President Donald Trump appears to have backed away from his threat to deploy troops to quell ongoing race protests, a day after threatening states that he would dispatch the military.
It comes as White House officials said this week’s response to demonstrations across the country showed local governments should be able to restore order themselves.
The shift came as protests in Washington and other cities over police brutality against minorities proceeded on Tuesday with relative calm, a stark contrast to the harsh crackdowns outside the White House on Monday night.
President Trump had wanted to make the aggressive action in the nation’s capital an example for the rest of the country, a senior White House official told The Associated Press (AP) on Tuesday.
The Defence Department has drafted contingency plans for how to deploy active-duty military if needed among the ongoing violent protests, sparked by the death of George Floyd, an unarmed black man who died after a white Minneapolis police officer held his knee on Mr Floyd’s neck.
Pentagon documents reviewed by AP showed plans for soldiers to protect the White House and other federal buildings if the security situation in the nation’s capital were to deteriorate and the National Guard could not secure the facilities.
But interest in exerting that extraordinary federal authority appeared to be waning in the White House by Tuesday.
Among other developments on Tuesday:
– Thousands of demonstrators remained on New York City streets after an 8pm curfew, put in place by officials reduce property damage amid growing complaints the nation’s biggest city was reeling out of control.
– Thousands took to the streets of Los Angeles in peaceful protests, and smaller demonstrations dotted other California cities while authorities renewed overnight curfews in LA and other areas.
– Former president George W. Bush, while not mentioning fellow Republican Mr Trump, called the harassment and threats made towards African-American protesters by authorities a “shocking failure”.
– The Minneapolis school board voted to end its contract with the Minneapolis Police Department on school security in light of Mr Floyd’s death.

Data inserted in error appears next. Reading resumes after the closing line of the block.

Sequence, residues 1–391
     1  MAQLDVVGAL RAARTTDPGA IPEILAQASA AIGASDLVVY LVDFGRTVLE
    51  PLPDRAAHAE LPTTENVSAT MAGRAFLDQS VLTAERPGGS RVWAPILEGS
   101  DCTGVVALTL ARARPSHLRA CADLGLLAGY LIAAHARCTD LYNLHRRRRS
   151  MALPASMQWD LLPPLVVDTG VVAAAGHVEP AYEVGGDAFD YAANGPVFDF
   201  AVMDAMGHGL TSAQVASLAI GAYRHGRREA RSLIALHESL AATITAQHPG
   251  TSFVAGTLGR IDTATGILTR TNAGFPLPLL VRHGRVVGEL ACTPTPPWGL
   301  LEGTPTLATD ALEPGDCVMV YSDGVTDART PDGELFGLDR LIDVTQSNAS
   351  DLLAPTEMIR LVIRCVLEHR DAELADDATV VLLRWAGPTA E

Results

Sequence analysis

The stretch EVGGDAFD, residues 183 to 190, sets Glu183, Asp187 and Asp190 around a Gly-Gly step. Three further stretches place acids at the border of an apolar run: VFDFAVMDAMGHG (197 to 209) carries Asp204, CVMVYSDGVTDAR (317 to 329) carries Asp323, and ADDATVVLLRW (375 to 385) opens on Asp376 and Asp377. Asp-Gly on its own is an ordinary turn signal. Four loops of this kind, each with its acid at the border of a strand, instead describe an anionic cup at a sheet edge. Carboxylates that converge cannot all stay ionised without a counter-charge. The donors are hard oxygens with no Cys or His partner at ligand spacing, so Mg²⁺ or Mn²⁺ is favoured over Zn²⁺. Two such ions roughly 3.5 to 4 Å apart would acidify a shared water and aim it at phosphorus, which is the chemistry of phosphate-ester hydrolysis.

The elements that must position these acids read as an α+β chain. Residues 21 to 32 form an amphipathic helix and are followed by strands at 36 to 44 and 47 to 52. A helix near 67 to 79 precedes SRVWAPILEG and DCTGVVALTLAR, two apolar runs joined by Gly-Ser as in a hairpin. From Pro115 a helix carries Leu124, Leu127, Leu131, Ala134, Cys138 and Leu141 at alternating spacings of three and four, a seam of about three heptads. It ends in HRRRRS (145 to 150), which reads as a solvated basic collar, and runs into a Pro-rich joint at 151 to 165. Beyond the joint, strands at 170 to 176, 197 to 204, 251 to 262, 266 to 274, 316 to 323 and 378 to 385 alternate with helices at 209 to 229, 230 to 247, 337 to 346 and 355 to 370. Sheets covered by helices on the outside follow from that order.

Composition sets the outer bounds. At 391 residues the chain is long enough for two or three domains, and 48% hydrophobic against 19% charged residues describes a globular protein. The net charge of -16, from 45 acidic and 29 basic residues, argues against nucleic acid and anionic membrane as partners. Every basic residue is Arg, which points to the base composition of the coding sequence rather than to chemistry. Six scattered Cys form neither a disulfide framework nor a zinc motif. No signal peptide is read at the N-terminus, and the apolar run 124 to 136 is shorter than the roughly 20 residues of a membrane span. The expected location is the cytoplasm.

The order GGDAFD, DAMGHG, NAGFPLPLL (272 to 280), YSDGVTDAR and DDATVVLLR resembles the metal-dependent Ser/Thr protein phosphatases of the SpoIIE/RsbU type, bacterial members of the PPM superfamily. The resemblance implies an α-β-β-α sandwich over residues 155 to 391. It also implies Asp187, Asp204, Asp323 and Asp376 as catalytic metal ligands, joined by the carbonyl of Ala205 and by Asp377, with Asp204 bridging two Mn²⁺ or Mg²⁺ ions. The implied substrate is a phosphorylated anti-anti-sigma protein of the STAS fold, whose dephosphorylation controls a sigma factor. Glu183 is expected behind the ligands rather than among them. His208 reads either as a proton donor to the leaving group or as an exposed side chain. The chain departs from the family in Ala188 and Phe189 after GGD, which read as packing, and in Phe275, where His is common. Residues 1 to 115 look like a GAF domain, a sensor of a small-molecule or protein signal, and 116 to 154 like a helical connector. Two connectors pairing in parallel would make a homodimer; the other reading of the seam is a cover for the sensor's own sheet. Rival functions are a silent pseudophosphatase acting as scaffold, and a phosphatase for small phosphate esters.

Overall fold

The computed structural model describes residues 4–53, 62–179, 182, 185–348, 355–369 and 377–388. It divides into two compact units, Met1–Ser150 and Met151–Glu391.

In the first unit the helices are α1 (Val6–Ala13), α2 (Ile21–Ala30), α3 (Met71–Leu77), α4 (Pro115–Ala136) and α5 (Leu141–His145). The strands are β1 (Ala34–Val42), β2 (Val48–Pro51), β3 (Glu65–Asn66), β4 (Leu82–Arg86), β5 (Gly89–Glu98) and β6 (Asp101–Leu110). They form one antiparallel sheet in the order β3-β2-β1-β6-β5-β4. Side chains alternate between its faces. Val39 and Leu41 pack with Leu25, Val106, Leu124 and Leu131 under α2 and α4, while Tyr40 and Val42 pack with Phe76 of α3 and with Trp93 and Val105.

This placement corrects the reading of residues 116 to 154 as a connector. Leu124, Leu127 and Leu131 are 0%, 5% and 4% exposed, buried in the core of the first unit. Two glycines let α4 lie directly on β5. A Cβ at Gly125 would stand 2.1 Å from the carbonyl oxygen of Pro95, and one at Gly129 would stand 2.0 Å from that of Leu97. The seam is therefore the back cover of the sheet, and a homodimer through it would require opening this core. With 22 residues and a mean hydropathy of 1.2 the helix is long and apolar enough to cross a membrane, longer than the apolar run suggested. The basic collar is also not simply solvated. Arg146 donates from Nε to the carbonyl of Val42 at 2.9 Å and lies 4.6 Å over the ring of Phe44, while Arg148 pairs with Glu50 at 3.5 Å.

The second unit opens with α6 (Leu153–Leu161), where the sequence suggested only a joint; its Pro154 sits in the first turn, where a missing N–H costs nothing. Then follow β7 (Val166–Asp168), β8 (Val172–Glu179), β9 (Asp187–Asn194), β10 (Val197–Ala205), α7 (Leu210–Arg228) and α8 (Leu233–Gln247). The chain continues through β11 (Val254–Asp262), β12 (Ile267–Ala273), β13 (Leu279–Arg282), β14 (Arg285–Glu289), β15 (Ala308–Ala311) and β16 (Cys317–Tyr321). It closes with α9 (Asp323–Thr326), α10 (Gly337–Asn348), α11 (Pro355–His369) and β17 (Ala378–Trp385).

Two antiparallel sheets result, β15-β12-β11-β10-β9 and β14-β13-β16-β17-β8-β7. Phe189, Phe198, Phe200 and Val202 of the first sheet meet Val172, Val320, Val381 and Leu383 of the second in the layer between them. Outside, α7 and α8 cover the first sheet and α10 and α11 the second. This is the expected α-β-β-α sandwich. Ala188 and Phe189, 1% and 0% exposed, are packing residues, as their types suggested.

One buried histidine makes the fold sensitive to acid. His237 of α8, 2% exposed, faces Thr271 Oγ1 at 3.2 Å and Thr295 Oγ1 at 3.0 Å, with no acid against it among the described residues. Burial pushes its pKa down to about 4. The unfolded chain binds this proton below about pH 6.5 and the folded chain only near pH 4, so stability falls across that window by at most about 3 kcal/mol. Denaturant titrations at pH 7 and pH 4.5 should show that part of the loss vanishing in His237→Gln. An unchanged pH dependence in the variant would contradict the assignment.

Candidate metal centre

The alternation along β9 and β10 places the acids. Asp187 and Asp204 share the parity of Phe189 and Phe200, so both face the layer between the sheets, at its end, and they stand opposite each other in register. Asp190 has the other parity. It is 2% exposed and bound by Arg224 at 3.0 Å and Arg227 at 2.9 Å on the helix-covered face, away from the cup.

Though the crackdown on the Washington demonstrations was praised by some Trump supporters, a handful of Republicans expressed concern that law enforcement officers risked violating the protesters’ First Amendment rights pertaining to free speech and freedom of assembly.
The defence secretary also distanced himself from Mr Trump’s decision to walk across Lafayette Park for a photo opportunity at a church after demonstrators had been cleared.
Pentagon Chief Mark Esper, who walked with Mr Trump to St. John’s Church on Monday evening, insisted he did not know the president’s destination.
“I didn’t know where I was going,” Mr Esper told NBC News.
He said he had expected to view damage to a bathroom facility that had been vandalised in Lafayette Park, across from the White House, and talk with National Guard troops positioned there.
The situation in Washington had escalated on Monday, becoming a potent symbol of Mr Trump’s policing tactics and a physical manifestation of the rhetorical culture war he has stoked since before he was elected.
Nearly 30 minutes before a 7pm curfew in Washington, peaceful protesters were cleared for MR Trump’s walk to the church. Reports said tear gas was used, but US Park Police said they had used smoke canisters and pepper balls.
“D.C. had no problems last night. Many arrests. Great job done by all. Overwhelming force. Domination,” Mr Trump tweeted on Tuesday, after a night in which heavily armed military forces and federal officers swarmed the city. Mr Trump added, “(thank you President Trump!).”
D.C. had no problems last night. Many arrests. Great job done by all. Overwhelming force. Domination. Likewise, Minneapolis was great (thank you President Trump!).
— Donald J. Trump (@realDonaldTrump) June 2, 2020
Presumptive Democratic presidential nominee Joe Biden said of Mr Trump posing for photos with a Bible: “I just wish he opened it once in a while.”
The clampdown on the protesters followed a weekend of demonstrations outside the White House. Mr Trump had been furious about images juxtaposing fires set in the park outside the executive mansion with a darkened White House in the background, according to current and former campaign and administration officials, who spoke on condition of anonymity.
Mr Trump was also said to be angry about reports revealing he had been rushed to the White House bunker during Friday’s protests.
He moved to respond aggressively on Monday, with an evening address calling on governors to ramp up the National Guard presence in their states to suppress protests.
If states did not abide by those orders, Mr Trump said, he would dispatch the military to their states — a step rarely taken in modern American history.
On Monday, 715 soldiers from the 82nd Airborne Division arrived in the DC area in case the situation escalated.
They are now stationed at two bases nearby, while a further 1,300 soldiers are on standby in North Carolina, according to the documents obtained by AP. The plan is named Operation Themis.
Meanwhile, former president Bush spoke out in a statement against efforts that have been used to suppress and silence protesters.
“It is a strength when protesters, protected by responsible law enforcement, march for a better future,” he said. “Those who set out to silence those voices do not understand the meaning of America — or how it becomes a better place.”